Though trade on the year is still slanted slightly in Colombia’s favor, the surplus has shrunk to just over 5% of its value at the same point in 2013.
A report published by the US Census Bureau Wednesday shows that Colombia’s trade balance with its largest partner dropped by over 400% in April, as compared to the same month last year. At -$125 million, April’s trade balance dropped $80 million from March 2014 alone, coming in at $550 million less than in April 2013, when it stood at surplus.
For Colombia, the hit has been two-fold, as imports from the United States are up and exports to the United States are down — by $309 and $241 million, respectively — as compared to April of last year.
The deteriorating outlook is part of a larger trend that has seen Colombia’s trade dynamic with the United States suffer since the implementation of the country’s joint free trade agreement (FTA) in the summer of 2012.
President Juan Manuel Santos had predicted prior to signing of the FTA that exports to the United States would grow by at least 6% in the first year of free trade. Last year, however, exports to the United States dropped by 15.5%.
In the first four months of 2014, the Colombia-United States trade balance fell by more than $1.4 billion as compared to 2013, all but evaporating what was once a strong and longstanding surplus.
It is unclear to what extent the shift in trade value has been caused by the implementation of free trade policies, as ongoing tariff reductions have been progressive and thus far limited to certain sectors.
Critics say, however, that free trade poses particularly grave threats to Colombia’s struggling agricultural sector, which produces much of the country’s exports to its North American partner. Organizers behind ongoing national strike efforts have called for the renegotiation of all existant FTAs.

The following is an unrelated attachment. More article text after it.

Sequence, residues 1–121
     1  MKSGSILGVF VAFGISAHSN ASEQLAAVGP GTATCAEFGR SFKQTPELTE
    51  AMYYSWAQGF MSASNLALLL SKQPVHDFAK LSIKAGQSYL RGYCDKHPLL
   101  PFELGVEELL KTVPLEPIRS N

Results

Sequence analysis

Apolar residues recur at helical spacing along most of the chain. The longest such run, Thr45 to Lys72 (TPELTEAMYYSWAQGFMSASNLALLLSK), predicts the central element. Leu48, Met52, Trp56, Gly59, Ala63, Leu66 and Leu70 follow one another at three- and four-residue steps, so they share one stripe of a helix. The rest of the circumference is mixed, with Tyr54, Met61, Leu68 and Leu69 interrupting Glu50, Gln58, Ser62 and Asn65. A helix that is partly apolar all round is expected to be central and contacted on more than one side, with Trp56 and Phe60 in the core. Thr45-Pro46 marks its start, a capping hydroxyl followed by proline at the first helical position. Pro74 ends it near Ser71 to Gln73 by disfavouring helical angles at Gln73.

Though a pending FTA with South Korea has stalled in the Colombian Congress behind a widespread opposition push from industrial and agricultural leaders, Colombia has shown no sign of adjusting its current trade policy.
Neither of the candidates in Colombia’s second round presidential runoff election are in favor of reforming existant free trade policy. Frontrunner Oscar Ivan Zuluaga (Democratic Center — Centro Democratico) has said he would not sign any new agreements, while incumbent President Santos continues to promote free trade as a vehicle for national development.
Agricultural products from the United States are heavily subsidized by the government, and critics point out that Colombian industry cannot compete with well-developed foreign sectors, in part due to the poor state of national infrastructure.
The United States remains by far the largest destination for Colombian goods, receiving over 26% of the country’s total export value, according to the latest figures from the Colombian statistics agency (DANE).
Exports to the United States dropped 27.8% in the first trimester of 2014 and by 48.6% in March, reported the DANE, in a report released in May.
The DANE has yet to publish its figures for April, and Colombia Reports was unable to reach a DANE official at the time this article was published.
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